By Ryan Keating-Lambert
After a long and gruelling wait, Christopher Nolan’s war epic Dunkirk has finally landed, and it’s a remarkable achievement not only in its genre, but a stand-out in modern cinema.
The film is based around three intense moments in the evacuation of British forces from Dunkirk Beach in France during World War II in which more than 300 000 troops were rescued by both military and civilian boats.
There’s probably no other director in Hollywood right now that has managed to have such a steady and well respected career as that of Christopher Nolan (The Dark Knight trilogy, Inception). His first film since 2015’s Interstellar, Dunkirk has continued Nolan’s winning streak and may even be his best film yet.
First and foremost though, if you’re expecting a balls out, bloody action movie retelling of World War II history, then this isn’t the movie for you. Nolan has managed to reinvent the tiresome war genre through a masterful use of soundtrack, staging, and cinematography.
A gorgeous colour palette of blue, beige and white combined with the stunning long shots orchestrated by cinematographer Hoyte Can Hoytema, who also did Nolan’s vast and picture perfect Interstellar, make Dunkirk perfect for a proper IMAX 70mm experience. The long shots of the beach and the spitfire dogfights over the channel really capture the epic scale of the operation. Quite the opposite of Mel Gibson’s bloody and claustrophobic Oscar winning Hacksaw Ridge which drowned itself in a lethal cocktail of blood and cheese.
This film accentuates the minimal and uses it to its advantage, but still manages to live and breathe nail biting tension. A big part of that coming from the sound editing which is nothing less than genius. The familiar and eerie scream of the German bombers tears up the screen, as does the impeccable ticking time bomb soundtrack by Hans Zimmer. Nolan has created a war film that could be compared to a piece of classical music. There are movements, codas and great crescendos – everything has its place and fits together impeccably.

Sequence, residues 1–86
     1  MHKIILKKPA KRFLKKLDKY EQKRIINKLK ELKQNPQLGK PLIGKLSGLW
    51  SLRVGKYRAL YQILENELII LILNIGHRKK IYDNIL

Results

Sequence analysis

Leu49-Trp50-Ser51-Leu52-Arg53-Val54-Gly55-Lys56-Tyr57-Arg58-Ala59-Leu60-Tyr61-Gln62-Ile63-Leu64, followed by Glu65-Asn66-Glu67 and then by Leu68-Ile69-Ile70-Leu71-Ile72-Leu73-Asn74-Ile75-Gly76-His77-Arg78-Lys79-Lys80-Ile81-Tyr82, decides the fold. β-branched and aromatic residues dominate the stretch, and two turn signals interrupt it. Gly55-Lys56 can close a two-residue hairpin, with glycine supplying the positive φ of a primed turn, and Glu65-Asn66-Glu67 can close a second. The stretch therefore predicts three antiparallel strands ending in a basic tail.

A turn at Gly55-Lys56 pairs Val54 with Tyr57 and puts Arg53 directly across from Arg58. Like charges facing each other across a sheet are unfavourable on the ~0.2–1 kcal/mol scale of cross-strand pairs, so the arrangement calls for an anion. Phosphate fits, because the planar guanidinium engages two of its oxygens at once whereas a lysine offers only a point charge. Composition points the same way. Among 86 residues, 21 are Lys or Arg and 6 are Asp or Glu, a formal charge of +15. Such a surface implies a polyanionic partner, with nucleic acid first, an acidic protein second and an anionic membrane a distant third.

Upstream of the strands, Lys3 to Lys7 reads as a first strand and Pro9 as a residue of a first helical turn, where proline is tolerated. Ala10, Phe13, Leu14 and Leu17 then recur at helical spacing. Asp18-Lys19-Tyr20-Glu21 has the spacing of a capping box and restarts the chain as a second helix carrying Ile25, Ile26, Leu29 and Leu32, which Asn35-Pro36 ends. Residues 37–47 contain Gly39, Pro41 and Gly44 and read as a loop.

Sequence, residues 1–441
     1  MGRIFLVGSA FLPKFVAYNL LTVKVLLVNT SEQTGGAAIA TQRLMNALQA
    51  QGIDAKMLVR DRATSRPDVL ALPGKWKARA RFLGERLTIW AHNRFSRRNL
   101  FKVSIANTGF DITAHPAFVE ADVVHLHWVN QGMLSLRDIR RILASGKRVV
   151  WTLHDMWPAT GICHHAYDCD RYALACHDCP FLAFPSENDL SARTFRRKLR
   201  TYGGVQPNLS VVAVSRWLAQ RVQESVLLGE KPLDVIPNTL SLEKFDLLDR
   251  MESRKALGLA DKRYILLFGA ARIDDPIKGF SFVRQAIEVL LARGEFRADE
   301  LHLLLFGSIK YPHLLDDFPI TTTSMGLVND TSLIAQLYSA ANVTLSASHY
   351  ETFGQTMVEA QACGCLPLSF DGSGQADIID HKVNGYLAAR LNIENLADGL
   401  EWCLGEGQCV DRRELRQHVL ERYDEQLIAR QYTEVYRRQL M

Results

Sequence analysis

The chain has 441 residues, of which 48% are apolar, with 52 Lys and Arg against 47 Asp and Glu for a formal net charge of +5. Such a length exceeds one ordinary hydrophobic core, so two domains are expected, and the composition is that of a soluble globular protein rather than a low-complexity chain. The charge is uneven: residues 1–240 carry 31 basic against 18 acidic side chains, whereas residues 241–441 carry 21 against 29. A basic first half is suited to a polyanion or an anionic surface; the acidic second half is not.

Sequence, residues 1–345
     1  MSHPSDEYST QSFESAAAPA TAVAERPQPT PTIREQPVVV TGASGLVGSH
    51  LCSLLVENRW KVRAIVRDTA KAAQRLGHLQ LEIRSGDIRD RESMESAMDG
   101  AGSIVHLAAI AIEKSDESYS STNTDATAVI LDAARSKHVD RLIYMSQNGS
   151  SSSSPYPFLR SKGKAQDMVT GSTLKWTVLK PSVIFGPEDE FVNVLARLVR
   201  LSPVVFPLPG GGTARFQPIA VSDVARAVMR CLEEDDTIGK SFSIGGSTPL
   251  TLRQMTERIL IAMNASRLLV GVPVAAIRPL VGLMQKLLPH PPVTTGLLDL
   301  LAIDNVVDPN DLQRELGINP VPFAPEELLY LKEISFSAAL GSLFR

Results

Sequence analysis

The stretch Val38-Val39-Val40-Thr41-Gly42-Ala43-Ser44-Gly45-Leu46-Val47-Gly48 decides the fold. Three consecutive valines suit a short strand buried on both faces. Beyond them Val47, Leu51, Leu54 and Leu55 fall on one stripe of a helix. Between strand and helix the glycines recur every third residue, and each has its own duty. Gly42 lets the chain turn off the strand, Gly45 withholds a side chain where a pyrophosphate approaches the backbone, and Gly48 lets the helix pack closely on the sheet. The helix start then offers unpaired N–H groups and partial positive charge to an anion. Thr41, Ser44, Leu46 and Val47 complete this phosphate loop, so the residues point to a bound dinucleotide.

There are also decent performances across the board, veterans Kenneth Branagh and Mark Rylance shine as always, but most notable is the breakout performance of Fionn Whitehead as soldier Tommy, who we follow through majority of the film. Singer turned actor Harry Styles of One Direction fame also makes a memorable screen debut – not surprising as director Nolan has a way with young talent. Just look at what he did with Heath Ledger as the Joker in The Dark Knight. Tom Hardy returns for yet another Nolan film and like The Dark Knight Rises is once again behind a mask, but isn’t held back as he proves once again to be one of the modern greats. His portrayal of British pilot Farrier plays a huge role in bringing the film together from the beginning right through to the powerful third act.
Dunkirk’s third act is a strange one though. Rather than sticking with its minimal and sometimes even gothic atmosphere and well crafted timeline, it chooses to go in the direction of sentimental speeches and has that all round wholesomeness to it that is all too familiar with war films. It never reaches a moment where it could be classified as cheesy, but compared to the rest of the film, the finale was a bit off.
Otherwise, Dunkirk is probably one of the best and most original films of 2017 so far, and has all the makings of an Oscar winner. Go and see it in 70mm, and then go and see it again and again and again.